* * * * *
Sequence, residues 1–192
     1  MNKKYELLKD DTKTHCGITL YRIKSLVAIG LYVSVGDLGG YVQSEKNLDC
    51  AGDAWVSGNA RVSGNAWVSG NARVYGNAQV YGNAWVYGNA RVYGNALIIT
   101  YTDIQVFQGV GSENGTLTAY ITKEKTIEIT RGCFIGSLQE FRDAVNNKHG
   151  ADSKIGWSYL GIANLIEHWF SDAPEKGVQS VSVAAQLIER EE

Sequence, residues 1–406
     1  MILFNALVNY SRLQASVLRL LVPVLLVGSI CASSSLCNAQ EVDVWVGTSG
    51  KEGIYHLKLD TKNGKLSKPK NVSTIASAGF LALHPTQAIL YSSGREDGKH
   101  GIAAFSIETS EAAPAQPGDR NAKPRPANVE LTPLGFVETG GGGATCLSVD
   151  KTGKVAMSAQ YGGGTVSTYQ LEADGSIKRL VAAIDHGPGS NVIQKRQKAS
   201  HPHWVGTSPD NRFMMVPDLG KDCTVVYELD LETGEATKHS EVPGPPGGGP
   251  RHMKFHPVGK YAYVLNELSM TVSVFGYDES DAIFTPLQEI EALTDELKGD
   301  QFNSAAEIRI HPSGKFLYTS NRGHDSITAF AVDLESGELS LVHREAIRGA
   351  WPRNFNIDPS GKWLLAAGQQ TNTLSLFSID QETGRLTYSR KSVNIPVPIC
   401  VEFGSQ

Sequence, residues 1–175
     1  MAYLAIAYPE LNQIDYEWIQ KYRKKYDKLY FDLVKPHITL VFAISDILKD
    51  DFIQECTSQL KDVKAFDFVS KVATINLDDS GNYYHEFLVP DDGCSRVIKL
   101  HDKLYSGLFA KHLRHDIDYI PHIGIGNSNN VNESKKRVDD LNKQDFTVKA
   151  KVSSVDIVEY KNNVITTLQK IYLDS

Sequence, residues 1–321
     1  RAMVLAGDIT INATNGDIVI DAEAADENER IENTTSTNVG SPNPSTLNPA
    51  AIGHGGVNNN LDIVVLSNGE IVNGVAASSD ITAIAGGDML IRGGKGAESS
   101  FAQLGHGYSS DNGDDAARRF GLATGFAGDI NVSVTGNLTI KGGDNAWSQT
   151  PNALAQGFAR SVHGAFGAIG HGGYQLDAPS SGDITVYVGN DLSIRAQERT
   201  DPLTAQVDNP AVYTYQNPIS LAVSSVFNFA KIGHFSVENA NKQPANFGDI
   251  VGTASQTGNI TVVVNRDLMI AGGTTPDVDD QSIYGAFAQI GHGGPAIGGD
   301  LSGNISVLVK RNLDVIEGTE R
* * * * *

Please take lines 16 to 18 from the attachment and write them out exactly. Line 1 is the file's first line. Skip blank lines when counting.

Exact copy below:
Sequence, residues 1–175
     1  MAYLAIAYPE LNQIDYEWIQ KYRKKYDKLY FDLVKPHITL VFAISDILKD
    51  DFIQECTSQL KDVKAFDFVS KVATINLDDS GNYYHEFLVP DDGCSRVIKL